"The building forms the centerpiece of a recently developed area known as Tainfu New District on the outskirts of Chengdu, the capital of Sichuan. Like many Chinese megacities, this hub of 14 million is rapidly expanding, with a growing subway system and a new airport planned for 2020.

"Officials had hoped to have the New Century Global Center completed in time for a global forum hosted by the U.S. magazine Fortune that brought presidents and CEOs of some of the world's largest companies to the city for two days in early June. That didn't pan out, but the government isn't shy about its desire for Chengdu to become the economic capital of western China. Chengdu's GDP reached 800 billion RMB ($130.48 billion) by the end of 2012, according to state media, ranking it third among China's sub-provincial cities...."
(Mark Johanson, International Business Times)

"Not shy" is a pretty good way to describe a promotional video the Lemming found. The audio isn't distorted, but you might want to turn the volume down before playing it:
Chengdu probably does have smog. China has been running its industrial and commercial development in fast-forward, and may better air-quality standards in a few years. Then again, maybe not.

The Lemming decided to settle outside metropolitan areas, partly because the air is cleaner out here. Most of the time, anyway. Now and then a manure pit's turned when the wind is just right, and a very organic fragrance permeates the Lemming's abode. More topics.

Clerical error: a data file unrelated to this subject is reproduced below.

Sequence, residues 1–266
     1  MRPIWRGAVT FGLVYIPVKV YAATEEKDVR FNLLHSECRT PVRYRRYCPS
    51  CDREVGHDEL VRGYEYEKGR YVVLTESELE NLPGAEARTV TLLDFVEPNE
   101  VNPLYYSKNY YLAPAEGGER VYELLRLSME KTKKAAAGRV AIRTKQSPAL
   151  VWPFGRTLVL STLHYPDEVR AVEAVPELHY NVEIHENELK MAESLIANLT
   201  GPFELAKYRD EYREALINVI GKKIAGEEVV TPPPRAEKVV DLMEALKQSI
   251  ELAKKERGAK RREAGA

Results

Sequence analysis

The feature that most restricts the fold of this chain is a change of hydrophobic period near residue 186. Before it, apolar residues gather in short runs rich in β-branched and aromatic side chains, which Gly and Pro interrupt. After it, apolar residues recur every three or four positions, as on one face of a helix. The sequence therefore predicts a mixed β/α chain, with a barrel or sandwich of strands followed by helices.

Another View of a Smoggy, Phoney,  . . . You Get the Idea


(From STR/AFP/Getty Images, via CNET, used w/o pemission.)
"The New Century Global Center (top) looms over the Export-Import Bank of China in Chengdu, in southwest China's Sichuan province."
"China opens city-sized shopping mall, with fake sun"
Tim Hornyak, CNET (July 3, 2013)

" The international tallest building arms race has been dominated by Dubai, with its Burj Khalifa, for several years, but China has upped the ante by unveiling what it calls the world's largest building.

"The New Century Global Center building opened recently in Chengu, a city of more than 14 million people in southwest China's Sichuan province. It's described as 'the world's largest standalone structure' by Chinese officials and is 328 feet high, 1,640 feet long, and 1,312 feet wide.

"While Boeing's plant in Everett, Wash., is the world's biggest building by volume, the Chinese mall seems to be tops in floor space. Almost the area of Monaco, its 420 acres of floor space could fit nearly three Pentagons, four Vatican Cities, or 20 Sydney Opera Houses.

"The cavernous structure will feature a mix of retail outlets, a 14-screen movie theater, a university complex, offices, hotels, a water park called Paradise Island, a skating rink that's big enough to host international competitions, a pirate ship, 15,000 parking spots, and even a fake Mediterranean village...."

Did the Lemming mention that the New Century Global Center is huge? That's a common denominator in these articles. Also the smog.

Given time, the Lemming thinks that China's leadership will get around to cleaning up their country's air. That's not just empty optimism. The powers that be over there seem to have decided that putting China back on the map for world commerce is a good idea.